When I started teaching and faced the prospect of having a class discuss their work I wanted to find a way to offer something concrete while not imposing my aesthetic on them. Long an admirer of tennis I used a tennis coach as my model. Vic Braden said that the secret to coaching stars like Tracy Austin was to give them lots of encouragement, and “knowledge of the physical processes involved”. For athletes this means learning the anatomy and mechanics of their movements. For artists, it can mean learning the science of perception to apply to their work. This is something artists have always done, using whatever was discovered about vision to heighten their effectiveness. Instead of prescribing certain standards of what art is the focus shifts to what the individual artist is expressing. To be an athlete requires training, and the amount of training and practice, maximizing individual strengths, figures into how well the athlete does. Commitment and growth are what needs to be fostered for excellence. A coach can reflect back what the player is doing, making them more aware of their movements. When a group talks about the various ways that a work of art affects them without making judgments, it aids the artist’s awareness of the effects of their decisions, the expressive implications of their choices.
The research done by the gestalt psychologists of the forties and fifties studied how the mind organized visual sensation into the stable world we see. Rudolf Arnheim applied what they learned to composition in art and in parallel with philosopher Susanne Langer began to explain what was going on in visual expression, and how art sensitized perception of feeling. Gestalt refers to the sense of the whole, the mode of processing characteristic of the right hemisphere. The researchers used to term “isomorphism” (same shape) for that similarity of structure between brain states and what stimulated them, that the form made in the brain is the same as the form that triggered it. If you look up the word in wikipedia, the first five of the ten definitions have to do with math, then come the biological sociological and cybernetic uses of the word. What artists see as proportions, mathematicians see as ratios. As far as the brain’s concerned, it’s all about the relationship between shapes and how multiple shapes map. Structure creates response. This is why science is discovering the importance of art. Numerous studies are emerging that examine these correlations of form and response. Neurobiologist Semir Zeki sees art as illuminating essential abstractions in the brain. Looking at art triggers a pattern of inner structures that represent the personal experience of that pattern. This underlies what psychologists call “mood congruity”. The brain calls to mind memories that have the same mood as the painting, thus developing its meaning for the viewer.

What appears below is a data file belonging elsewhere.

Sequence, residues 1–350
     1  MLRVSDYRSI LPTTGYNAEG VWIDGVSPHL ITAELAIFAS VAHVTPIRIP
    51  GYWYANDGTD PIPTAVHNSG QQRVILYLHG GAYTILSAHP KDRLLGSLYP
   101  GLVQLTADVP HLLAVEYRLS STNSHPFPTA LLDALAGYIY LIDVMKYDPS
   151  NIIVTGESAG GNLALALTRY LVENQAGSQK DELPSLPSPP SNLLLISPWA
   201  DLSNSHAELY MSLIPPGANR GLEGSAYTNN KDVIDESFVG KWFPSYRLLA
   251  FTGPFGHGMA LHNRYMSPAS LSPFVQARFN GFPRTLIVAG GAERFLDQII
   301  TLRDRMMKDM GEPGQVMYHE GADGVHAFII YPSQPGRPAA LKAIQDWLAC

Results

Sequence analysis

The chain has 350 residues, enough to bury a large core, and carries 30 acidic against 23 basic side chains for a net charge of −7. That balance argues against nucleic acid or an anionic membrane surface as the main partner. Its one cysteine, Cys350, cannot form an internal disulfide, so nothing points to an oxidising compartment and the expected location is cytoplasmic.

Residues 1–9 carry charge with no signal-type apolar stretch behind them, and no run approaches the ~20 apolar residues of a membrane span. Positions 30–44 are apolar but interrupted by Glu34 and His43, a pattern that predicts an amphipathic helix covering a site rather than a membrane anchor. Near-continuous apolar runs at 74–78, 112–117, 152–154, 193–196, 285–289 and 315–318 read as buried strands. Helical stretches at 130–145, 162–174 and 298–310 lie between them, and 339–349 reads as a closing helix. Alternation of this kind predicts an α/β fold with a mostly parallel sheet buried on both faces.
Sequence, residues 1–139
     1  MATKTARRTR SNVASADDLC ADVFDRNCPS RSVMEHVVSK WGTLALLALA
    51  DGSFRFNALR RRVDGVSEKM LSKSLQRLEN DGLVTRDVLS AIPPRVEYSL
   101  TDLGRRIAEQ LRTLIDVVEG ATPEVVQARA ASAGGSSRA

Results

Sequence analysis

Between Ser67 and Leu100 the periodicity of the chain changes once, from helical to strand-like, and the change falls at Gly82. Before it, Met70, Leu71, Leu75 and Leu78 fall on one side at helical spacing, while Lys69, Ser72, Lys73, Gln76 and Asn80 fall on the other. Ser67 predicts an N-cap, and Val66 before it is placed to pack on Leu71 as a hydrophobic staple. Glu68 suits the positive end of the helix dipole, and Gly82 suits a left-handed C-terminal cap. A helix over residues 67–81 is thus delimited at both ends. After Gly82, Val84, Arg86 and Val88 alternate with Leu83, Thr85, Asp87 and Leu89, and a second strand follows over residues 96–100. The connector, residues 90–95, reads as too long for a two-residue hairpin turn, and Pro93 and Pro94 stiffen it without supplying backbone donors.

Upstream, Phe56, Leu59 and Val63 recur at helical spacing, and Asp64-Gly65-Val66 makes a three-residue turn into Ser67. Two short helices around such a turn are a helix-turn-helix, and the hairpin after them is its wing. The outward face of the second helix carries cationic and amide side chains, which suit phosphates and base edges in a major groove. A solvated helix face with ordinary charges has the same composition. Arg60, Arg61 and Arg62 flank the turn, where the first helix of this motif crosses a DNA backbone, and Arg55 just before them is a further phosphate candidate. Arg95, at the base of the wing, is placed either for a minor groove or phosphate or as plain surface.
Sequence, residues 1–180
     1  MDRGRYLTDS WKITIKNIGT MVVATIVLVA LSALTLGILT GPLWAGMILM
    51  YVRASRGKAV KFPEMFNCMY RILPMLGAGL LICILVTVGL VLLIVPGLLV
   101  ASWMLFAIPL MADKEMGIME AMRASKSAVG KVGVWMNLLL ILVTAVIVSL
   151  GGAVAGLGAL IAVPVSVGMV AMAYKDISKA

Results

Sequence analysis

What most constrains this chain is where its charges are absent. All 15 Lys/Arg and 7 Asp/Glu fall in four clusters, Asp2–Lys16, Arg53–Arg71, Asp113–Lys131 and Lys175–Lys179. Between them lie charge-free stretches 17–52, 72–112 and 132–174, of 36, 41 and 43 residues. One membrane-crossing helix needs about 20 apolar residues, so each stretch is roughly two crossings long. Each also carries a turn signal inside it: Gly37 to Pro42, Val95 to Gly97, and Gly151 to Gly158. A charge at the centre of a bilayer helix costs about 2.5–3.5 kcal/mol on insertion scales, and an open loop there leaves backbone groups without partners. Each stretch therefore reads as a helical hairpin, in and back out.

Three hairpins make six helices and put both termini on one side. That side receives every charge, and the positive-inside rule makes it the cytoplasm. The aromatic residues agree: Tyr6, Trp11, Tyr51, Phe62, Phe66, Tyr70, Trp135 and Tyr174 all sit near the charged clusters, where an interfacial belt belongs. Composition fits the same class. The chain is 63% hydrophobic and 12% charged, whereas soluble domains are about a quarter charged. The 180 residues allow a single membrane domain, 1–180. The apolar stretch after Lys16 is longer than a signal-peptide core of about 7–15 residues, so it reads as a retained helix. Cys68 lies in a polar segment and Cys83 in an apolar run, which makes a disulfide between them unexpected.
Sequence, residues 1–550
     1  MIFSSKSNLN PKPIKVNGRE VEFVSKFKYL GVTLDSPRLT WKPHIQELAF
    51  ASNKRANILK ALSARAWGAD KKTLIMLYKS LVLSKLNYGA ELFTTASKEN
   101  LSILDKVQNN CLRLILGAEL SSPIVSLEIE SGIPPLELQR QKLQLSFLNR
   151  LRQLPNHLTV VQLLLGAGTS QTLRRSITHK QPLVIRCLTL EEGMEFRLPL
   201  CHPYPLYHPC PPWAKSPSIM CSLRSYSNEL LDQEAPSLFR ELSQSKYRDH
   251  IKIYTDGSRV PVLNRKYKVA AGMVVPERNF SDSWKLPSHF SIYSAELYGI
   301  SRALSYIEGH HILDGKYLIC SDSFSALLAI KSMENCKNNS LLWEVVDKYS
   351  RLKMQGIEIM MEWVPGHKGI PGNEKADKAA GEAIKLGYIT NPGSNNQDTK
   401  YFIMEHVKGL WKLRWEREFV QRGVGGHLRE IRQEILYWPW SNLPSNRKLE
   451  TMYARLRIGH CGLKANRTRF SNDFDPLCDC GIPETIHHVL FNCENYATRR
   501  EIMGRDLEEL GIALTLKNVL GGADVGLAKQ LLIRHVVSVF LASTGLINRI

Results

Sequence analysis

Discussion serves as a launching point for creative thinking. The artist learns the expressive implications of their choices. The responder learns about their own psychology by how the formal structures trigger bits of their own story. It’s an opportunity to generate new ideas and use the prefrontal cortex, one area of the brain far more developed in humans than other primates. Our brain evolved by rewarding what was good for survival and growth. Humans are meant to use their creative and imaginative powers. At its best, critique is an improvisational collaboration between all involved. Over and over I see students come to class tired or stressed and leave energized and exhilarated. I can’t remember where I first heard the maxim, “Communication is healing” but it’s a phrase that’s popped to mind many times. Talking about art may well be the best way to make use of what brain science is showing us.
(This is an abridged version of my remarks on critique at the NASAD conference in St. Louis and relate to my essay in the upcoming book “Beyond Critique”)